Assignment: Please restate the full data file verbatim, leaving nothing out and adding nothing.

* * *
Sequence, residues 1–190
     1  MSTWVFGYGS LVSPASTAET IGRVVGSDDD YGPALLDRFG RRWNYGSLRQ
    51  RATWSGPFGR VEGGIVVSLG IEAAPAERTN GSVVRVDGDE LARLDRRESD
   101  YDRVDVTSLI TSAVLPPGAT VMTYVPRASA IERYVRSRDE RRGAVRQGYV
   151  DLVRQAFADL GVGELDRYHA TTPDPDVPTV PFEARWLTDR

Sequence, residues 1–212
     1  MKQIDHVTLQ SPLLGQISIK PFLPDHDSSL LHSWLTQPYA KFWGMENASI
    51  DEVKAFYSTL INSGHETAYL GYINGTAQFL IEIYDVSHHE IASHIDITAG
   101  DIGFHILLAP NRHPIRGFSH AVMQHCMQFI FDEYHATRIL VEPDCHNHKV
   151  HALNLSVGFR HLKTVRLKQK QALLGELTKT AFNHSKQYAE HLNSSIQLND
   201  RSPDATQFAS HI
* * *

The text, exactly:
Sequence, residues 1–190
     1  MSTWVFGYGS LVSPASTAET IGRVVGSDDD YGPALLDRFG RRWNYGSLRQ
    51  RATWSGPFGR VEGGIVVSLG IEAAPAERTN GSVVRVDGDE LARLDRRESD
   101  YDRVDVTSLI TSAVLPPGAT VMTYVPRASA IERYVRSRDE RRGAVRQGYV
   151  DLVRQAFADL GVGELDRYHA TTPDPDVPTV PFEARWLTDR

Sequence, residues 1–212
     1  MKQIDHVTLQ SPLLGQISIK PFLPDHDSSL LHSWLTQPYA KFWGMENASI
    51  DEVKAFYSTL INSGHETAYL GYINGTAQFL IEIYDVSHHE IASHIDITAG
   101  DIGFHILLAP NRHPIRGFSH AVMQHCMQFI FDEYHATRIL VEPDCHNHKV
   151  HALNLSVGFR HLKTVRLKQK QALLGELTKT AFNHSKQYAE HLNSSIQLND
   201  RSPDATQFAS HI